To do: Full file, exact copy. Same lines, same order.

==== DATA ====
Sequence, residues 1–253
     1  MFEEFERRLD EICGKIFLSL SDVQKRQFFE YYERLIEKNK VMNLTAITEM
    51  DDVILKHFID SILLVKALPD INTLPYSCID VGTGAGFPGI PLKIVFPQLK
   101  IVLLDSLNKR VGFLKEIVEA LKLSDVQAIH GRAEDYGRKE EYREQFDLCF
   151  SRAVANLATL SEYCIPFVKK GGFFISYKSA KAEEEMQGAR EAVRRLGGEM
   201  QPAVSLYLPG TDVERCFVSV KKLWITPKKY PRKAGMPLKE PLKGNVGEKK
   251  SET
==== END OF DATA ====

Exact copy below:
Sequence, residues 1–253
     1  MFEEFERRLD EICGKIFLSL SDVQKRQFFE YYERLIEKNK VMNLTAITEM
    51  DDVILKHFID SILLVKALPD INTLPYSCID VGTGAGFPGI PLKIVFPQLK
   101  IVLLDSLNKR VGFLKEIVEA LKLSDVQAIH GRAEDYGRKE EYREQFDLCF
   151  SRAVANLATL SEYCIPFVKK GGFFISYKSA KAEEEMQGAR EAVRRLGGEM
   201  QPAVSLYLPG TDVERCFVSV KKLWITPKKY PRKAGMPLKE PLKGNVGEKK
   251  SET